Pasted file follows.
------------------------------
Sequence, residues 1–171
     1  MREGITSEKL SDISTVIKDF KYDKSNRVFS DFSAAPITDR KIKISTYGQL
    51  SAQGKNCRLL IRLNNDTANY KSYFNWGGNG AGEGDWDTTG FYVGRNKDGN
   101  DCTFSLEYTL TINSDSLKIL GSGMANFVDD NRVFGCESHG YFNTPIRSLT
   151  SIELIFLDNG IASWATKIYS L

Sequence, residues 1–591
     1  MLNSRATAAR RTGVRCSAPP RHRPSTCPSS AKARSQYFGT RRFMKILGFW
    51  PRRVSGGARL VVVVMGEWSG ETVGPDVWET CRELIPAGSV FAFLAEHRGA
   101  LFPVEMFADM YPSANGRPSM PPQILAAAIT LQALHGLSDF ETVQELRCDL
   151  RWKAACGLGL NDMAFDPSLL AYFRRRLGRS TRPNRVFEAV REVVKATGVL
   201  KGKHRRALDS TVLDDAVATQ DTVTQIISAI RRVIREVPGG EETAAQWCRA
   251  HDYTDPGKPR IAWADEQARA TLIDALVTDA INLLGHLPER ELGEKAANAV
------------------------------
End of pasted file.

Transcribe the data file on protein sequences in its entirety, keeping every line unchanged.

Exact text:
Sequence, residues 1–171
     1  MREGITSEKL SDISTVIKDF KYDKSNRVFS DFSAAPITDR KIKISTYGQL
    51  SAQGKNCRLL IRLNNDTANY KSYFNWGGNG AGEGDWDTTG FYVGRNKDGN
   101  DCTFSLEYTL TINSDSLKIL GSGMANFVDD NRVFGCESHG YFNTPIRSLT
   151  SIELIFLDNG IASWATKIYS L

Sequence, residues 1–591
     1  MLNSRATAAR RTGVRCSAPP RHRPSTCPSS AKARSQYFGT RRFMKILGFW
    51  PRRVSGGARL VVVVMGEWSG ETVGPDVWET CRELIPAGSV FAFLAEHRGA
   101  LFPVEMFADM YPSANGRPSM PPQILAAAIT LQALHGLSDF ETVQELRCDL
   151  RWKAACGLGL NDMAFDPSLL AYFRRRLGRS TRPNRVFEAV REVVKATGVL
   201  KGKHRRALDS TVLDDAVATQ DTVTQIISAI RRVIREVPGG EETAAQWCRA
   251  HDYTDPGKPR IAWADEQARA TLIDALVTDA INLLGHLPER ELGEKAANAV